What is sediment pollution?
Sediment pollution is sand, silt, and/or clay particles that are suspended in water which gives the water a dirty or murky appearance.
Why is sediment pollution a type of pollution?
Sediment pollution is a pollutant because pollution is defined as a matter that is released into the environment that causes undesirable impacts on the health and well-being of humans and other organisms. When sediment pollution is found within the environment, the sediment pollutant can impair and dramatically change aquatic ecosystems, resulting in many aquatic species to not being able to survive, which is a very undesirable impact on the well-being and health of these aquatic organisms.
What is the source of sediment pollution?
Sediment pollution’s source is from soil erosion or the decomposition of plant and/or animals. Sediment pollution can also come from many different human-involved activities such as mining projects, clear-cutting trees, housing development, poor cultivation practices, construction overall, etc, when these projects are not properly equipped and maintained with the correct materials to avoid from sediment pollution occurring and escaping these sites.
How is sediment pollution getting into our water supplies?
The sand, silt, and/or clay found in sediment pollution can be moved across land into various bodies of water through the movement of wind, water, and/or ice. For example, if there were an opening in an enclosed construction site, the sediment found in the soil on the site is washed out of the site and through the opening by wind, water, and/or ice, into a storm drain. This sediment pollution then eventually makes it’s way to a body of water, which is now contaminated with sediment pollution causing many undesirable effects to the surrounding ecosystem.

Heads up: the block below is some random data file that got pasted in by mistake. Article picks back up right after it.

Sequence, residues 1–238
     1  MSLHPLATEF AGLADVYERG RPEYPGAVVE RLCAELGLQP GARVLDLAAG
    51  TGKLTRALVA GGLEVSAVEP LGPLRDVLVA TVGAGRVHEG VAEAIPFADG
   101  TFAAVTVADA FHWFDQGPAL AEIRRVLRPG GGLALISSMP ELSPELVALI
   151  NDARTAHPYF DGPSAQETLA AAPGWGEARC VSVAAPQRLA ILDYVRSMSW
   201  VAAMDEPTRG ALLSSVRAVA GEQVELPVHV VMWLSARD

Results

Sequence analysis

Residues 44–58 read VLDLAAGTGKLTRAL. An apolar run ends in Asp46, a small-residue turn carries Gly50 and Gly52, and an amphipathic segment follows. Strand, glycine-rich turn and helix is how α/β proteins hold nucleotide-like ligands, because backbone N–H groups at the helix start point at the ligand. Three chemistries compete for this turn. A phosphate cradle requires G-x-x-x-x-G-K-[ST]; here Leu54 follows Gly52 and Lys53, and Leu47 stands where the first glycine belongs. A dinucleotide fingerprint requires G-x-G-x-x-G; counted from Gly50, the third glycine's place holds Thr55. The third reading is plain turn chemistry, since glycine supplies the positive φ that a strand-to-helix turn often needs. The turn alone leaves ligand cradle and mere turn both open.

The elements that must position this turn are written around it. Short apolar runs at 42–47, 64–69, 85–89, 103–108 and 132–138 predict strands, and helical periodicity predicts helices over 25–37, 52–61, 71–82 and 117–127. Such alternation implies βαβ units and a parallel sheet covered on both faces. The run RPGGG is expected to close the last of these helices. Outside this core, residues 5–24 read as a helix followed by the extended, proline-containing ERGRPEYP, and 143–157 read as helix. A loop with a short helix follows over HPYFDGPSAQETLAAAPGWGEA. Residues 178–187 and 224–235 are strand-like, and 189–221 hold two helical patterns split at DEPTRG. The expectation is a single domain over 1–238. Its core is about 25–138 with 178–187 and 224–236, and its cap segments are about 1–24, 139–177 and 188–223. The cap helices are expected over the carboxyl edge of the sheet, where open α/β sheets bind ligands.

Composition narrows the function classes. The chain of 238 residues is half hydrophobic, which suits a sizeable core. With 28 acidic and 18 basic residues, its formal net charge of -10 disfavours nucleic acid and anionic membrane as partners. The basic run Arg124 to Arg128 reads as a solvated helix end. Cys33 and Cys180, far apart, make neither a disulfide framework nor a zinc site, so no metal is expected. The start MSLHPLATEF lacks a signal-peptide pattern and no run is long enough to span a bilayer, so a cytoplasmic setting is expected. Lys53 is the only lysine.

Are there any regulations (national or local) that regulate sediment pollution?
Sediment pollution is mentioned in the Clean Water Act under Stormwater Management. This mentions how uncontrolled stormwater discharges, which includes sediment pollution, pose serious and significant problems to the overall environment and human health. The Act requires various sites and facilities, such as construction sites, to have measures to ensure that this pollution does not enter into storm drains and eventually into different bodies of water.
What can you do, as the person hearing this story, to do to help or prevent from sediment pollution getting any worse?
What you can do to help prevent sediment pollution from getting any worse is by sweeping your driveways instead of washing them, which sediments found on your driveway eventually end up in different bodies of water. Not to mention, if you wash your car in your driveway, make sure to do so instead on a surface that could absorb the water like grass or gravel. Also, within your garden, you could put compost or weed-free mulch onto your soil to avoid the soil from washing away. Also, you could avoid mowing 10 to 25 feet near a river, creek, stream, or any other body of water. This will minimize erosion into that body of water and also naturally filter stormwater runoff that may contain sediment pollution.